“Sound Beach is unique in that it was a place created specifically for the working class,” she said. “People who didn’t have a lot of money and wanted to get away from the city — from Brooklyn and Queens. They put up their tents, they put up their own little houses, and eventually, in 1930, the Sound Beach Property Owner’s Association was born.”

The Sound Beach history project, which is being spearheaded by the Sound Beach Civic Association, is hoping to bridge that gap. Engineered by community leaders and longtime residents, local women are already uncovering several old photographs that show a much different Sound Beach, full of dirt roads and dusty buildings.

“It’s like a little mystery,” said Sound Beach Civic Association President Bea Ruberto.

Vilma Rodriguez, another resident, said work comes in bits and pieces, but their group has been energized.

“Sound Beach had no roads, no streetlights,” she said referring to the olden days of the small hamlet. “It’s little bits of information, but it builds up.”

For many of its earliest decades, mail was sent and received through Scotty’s General Store on Echo Avenue or Moeller’s General Store on Sound Beach Boulevard. It wasn’t until June 1, 1946, the first post office opened in the hamlet. 

In the small shopping center off of New York Avenue, where La Famiglia Pizzeria currently resides, the locals used to go to M.B. Sweet Shop for lunch and candy. Next to it, instead of the Italian restaurant, was the Square Market Store. Local resident Florence McArdle attributed the local setting to a particular show.

“It was just like ‘Happy Days,’” she said. 

Back in the day, the building that now houses Bedrossian Real Estate on Northport Road once was a community house that hosted everything from dances to pingpong and knock hockey. In that time, lacking a church, McArdle, a resident from the 1930s, said local community members “would iron the tablecloth, flip it over and they would have Mass on Sundays in the bar, Boyles.”

Sound Beach once had its own police department, its own highway and sanitation department. People once gathered at the “pavilion” on the bluff, where kids could buy ice cream and hot dogs.

Local resident Stephanie Mcllvaine said she has been pouring through newsletters from the 1940s, which reveal just how much has changed in the 80 years since. She wrote that a May 1940 newsletter was the census results. John Mertz, the winter caretaker and “mayor,” found 61 families consisting of 185 people lived in Sound Beach year-round. There were four general stores, three gas stations, one restaurant, five general contractors, two masons, one electrician, two fire wardens and two deputy sheriffs. Many of the year-round residents were members of the fire department as well.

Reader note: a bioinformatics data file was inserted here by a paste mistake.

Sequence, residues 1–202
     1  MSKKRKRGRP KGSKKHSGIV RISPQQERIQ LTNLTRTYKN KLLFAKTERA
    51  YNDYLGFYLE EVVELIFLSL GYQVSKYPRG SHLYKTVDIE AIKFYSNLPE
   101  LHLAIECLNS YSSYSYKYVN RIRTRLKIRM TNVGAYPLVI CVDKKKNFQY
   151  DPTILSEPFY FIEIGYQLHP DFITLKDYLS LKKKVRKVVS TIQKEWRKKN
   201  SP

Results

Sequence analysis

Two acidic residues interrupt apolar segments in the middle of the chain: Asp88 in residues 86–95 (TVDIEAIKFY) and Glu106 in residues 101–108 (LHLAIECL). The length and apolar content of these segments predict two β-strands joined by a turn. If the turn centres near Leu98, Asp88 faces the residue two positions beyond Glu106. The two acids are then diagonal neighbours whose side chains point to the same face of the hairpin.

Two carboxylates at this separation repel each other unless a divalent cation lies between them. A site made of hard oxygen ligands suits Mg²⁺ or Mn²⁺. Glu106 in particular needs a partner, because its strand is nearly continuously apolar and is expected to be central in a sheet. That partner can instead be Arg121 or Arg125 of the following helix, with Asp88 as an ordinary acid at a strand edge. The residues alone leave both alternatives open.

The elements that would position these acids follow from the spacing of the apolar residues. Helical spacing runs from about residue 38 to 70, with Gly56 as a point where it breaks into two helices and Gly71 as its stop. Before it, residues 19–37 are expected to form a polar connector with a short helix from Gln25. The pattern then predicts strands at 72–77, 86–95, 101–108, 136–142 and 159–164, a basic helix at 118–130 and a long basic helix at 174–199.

Despite their deep dive into this local history, many things are still unknown. What locals call “The Square” was either called Journal Square or Moeller Square, though Ruberto did not know where Journal Square even came from. There was a Moeller of the general store fame, but she has had trouble getting in contact with the family. She learned there was a James Moeller who taught math at the Miller Place School District but learned from the board of education he passed in 2012. 

Barbara Russell, the Town of Brookhaven historian, said her office has only a few items and details in the way of Sound Beach, but she praised the women for taking on the task. She said with the enthusiasm the group is showing, they’re well on their way to creating walking tours or a historical society.

Many of the local women looking back at the hamlet’s history have a fondness for the way things were. They watched the area grow slowly, ever so slowly, from the working-class family’s retreat to what it is today. Back then, Sound Beach was the destination, and there was no need to drive out and plan visits to other parts of the island, they said.

“Most of us here, we thought we were growing up in a ‘garden of Eden,’” said Hodges. “It was just fantastic.”

For those looking to get involved in the history project or who are interested in donating old photos, contact Bea Ruberto at rubertob11789@aol.com or call 631-744-6952.

 

Supervisor Ed Romaine during his State of the Town address. Photo by Kyle Barr

Click on the inset pictures to get a better view of which homes are in each defunct district.

Town of Brookhaven residents can soon expect a check in the mail after the Town Board unanimously voted to pass a resolution that would return remaining fund balances to taxpayers in six dissolved special water districts. 

A map of the defunct Sound Beach water district showing where residents will be receiving refunds. Photo from Town of Brookhaven

“This is part of the $20 million grant that the town got to consolidate shared services to improve efficiency,” Ed Romaine, town supervisor, said at the June 27 town meeting. 

The Municipal Consolidation and Efficiency Plan is designed to consolidate town services and create shared services with other local municipalities to help cut costs. The dissolution of the six water districts was part of that consolidation, and when they were dissolved there were outstanding fund balances.